3 of 3 people found the following review helpful
This review is from: The British Approach to Counterinsurgency: From Malaya and Northern Ireland to Iraq and Afghanistan (Hardcover)
This is an excellent publication. Based upon a review of all 13 chapters in the book, as opposed to the single chapter that the previous reviewer thought fit to base his judgement on, it is clear that this book examines (and challenges) in a thoughtful and forensic manner the way in which the British have constructed, over time and on the back of campaigns in Malaya, Kenya, Northern Ireland, Iraq, Afghanistan et al a particular self-identity with respect to the practice of counterinsurgency, one which has in many ways seriously distorted wider understanding of those campaigns in general, the manner in which they were (or are) conceptualised and fought, and the broader understanding of COIN theory on the part of the British military. All of which ultimately brings us to the search for answers as to how precisely those campaigns played out in truth, as opposed to false and received wisdoms, or why they fell (or are falling) short of expectations. I'm not going to get into a chapter-by-chapter analysis for reasons of space but the book can broadly be understood as rigorous examination of certain aspects of certain campaigns set against certain tenets of British COIN theory (hearts and minds, primacy of political action, understanding of human terrain, acting in accordance with law, learning and adapting etc.) and illustrates how, in both the historical and contemporary context, these principles have often been largely ignored or, in the case of the first and abiding principle, the primacy of political action, almost impossible to apply in diffuse political scenarios. In other words COIN doctrine as the British Army in particular understands it is either a) often entirely misunderstood or b) incapable of being applied correctly due to ambient political circumstances. These are problematic conclusions deserving of greater comment, something that this collection of respected academic commentators seeks to do. And the notion, proposed by the previous reviewer, that one has to be a serving soldier to identify these ambiguities and contradictions is laughable. As too is the notion that civilians have no place commenting on either the theory or practice of COIN. This might have come as a shock to General David Petraeus, who augmented his FM3-24 writing team with a huge number of civilian academics in order to provide intellectual rigour to new US Counterinsurgency doctrine. And it should also be borne in mind that certain of the contributors to this work, notably Huw Bennett and Sherard Cowper-Coles, have great experience of working alongside the military and in particular alongside recent veterans of British COIN campaigns in Iraq and Afghanistan. And all of the contributors have conducted far greater and more thorough research into the history and theory of British COIN than any military commentator with the potential exception of Colonel (retd) David Benest, who interestingly reaches the same conclusions as those writing in this volume. I would challenge the original reviewer, for example, to best Dr Karl Hack on the subject of the Malayan campaign, or Dr Huw Bennet with respect to Kenya. These are bona fide experts in their fields.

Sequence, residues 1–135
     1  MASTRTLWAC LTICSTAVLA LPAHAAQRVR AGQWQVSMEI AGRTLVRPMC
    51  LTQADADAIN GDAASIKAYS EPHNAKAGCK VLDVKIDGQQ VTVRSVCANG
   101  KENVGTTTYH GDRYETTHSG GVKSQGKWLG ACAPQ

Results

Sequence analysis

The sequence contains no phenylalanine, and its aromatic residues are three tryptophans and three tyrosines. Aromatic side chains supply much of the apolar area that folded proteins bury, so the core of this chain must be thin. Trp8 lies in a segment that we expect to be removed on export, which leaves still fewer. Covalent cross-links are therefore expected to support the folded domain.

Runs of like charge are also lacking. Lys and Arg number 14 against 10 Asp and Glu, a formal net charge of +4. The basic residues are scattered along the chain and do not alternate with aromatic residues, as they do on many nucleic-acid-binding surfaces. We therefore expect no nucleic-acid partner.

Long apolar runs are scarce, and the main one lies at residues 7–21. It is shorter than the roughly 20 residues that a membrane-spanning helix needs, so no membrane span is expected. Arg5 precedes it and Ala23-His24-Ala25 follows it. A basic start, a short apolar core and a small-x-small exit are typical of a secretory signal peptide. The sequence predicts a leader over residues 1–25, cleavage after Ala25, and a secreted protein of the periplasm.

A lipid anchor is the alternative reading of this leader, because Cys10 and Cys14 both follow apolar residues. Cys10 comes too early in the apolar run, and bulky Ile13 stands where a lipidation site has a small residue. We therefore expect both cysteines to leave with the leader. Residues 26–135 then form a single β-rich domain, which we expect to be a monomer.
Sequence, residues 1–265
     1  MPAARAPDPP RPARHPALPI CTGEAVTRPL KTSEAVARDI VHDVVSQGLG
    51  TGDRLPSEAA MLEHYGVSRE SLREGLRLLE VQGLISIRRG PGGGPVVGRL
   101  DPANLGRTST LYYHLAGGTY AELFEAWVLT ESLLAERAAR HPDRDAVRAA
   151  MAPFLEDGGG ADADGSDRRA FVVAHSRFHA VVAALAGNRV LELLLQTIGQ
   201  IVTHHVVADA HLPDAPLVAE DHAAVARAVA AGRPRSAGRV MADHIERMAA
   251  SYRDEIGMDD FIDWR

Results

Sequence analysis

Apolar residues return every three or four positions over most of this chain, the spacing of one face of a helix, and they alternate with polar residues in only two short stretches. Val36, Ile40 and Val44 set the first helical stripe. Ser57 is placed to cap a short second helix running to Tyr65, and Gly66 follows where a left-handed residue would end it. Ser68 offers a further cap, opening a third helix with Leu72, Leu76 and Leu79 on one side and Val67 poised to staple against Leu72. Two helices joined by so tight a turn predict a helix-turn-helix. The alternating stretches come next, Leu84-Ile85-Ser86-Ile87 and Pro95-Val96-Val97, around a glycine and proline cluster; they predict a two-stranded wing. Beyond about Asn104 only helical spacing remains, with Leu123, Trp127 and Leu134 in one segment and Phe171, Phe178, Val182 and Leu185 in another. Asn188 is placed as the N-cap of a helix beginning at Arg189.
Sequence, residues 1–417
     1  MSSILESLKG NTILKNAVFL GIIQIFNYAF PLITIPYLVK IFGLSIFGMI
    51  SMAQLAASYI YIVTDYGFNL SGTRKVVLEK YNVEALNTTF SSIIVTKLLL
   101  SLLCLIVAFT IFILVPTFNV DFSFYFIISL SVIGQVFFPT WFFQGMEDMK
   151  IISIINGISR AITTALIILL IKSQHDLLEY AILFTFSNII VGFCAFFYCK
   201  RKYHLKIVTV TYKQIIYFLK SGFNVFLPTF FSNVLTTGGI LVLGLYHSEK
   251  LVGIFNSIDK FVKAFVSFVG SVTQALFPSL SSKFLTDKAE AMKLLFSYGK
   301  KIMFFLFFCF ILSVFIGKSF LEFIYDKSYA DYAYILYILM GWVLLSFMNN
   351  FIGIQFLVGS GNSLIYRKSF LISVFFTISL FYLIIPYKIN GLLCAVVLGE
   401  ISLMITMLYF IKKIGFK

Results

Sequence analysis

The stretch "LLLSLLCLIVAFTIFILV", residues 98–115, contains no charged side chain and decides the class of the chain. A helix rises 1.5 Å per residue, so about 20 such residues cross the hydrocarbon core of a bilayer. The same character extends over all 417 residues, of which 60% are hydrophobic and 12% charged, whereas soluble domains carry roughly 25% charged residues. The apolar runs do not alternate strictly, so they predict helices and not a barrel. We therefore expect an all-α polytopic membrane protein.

In addition the book is bold, insofar that it is brave enough to allow a feminist critique of British counterinsurgency theory, for example. This reviewer was certainly sceptical at the thought of feminist academics commentating on such a specialised field of warfare. Cleverly however, the authors use gender theory in a clear-sighted manner to account for numerous shortcomings in the practice of COIN by militaries, an analytical path that allows them to reach a series of conclusions that are fundamentally logical and correct. Indeed, they are criticisms that any clear thinking veteran of Afghanistan would acknowledge as absolutely legitimate, and indeed are criticisms that this reviewer has heard echoed by many who have served there. In addition there is space for a diplomatic perspective of COIN in the form of Cowper-Coles' contribution, and an excellent analysis of the shifting sands of Iraqi political institutions by Glen Rangwala which will do more than almost any other book or article written so far to illuminate why the British faltered to the extent that they did in applying what were initially perceived to be a set of tried and tested methods to the COIN campaign there.
I cannot recommend this edited volume enough. The author has done an excellent job in bringing together such a diverse set of thinkers to tackle this fascinating subject. Together with David French's The British Way in Counterinsurgency 1945-67 this is a must read for students of the subject.
Sort: Oldest first | Newest first
Showing 1-1 of 1 posts in this discussion
Initial post: 23 Apr 2013 13:23:55 BDT
Last edited by the author on 26 Apr 2013 15:38:27 BDT
Great review, but paragraphs!!
‹ Previous 1 Next ›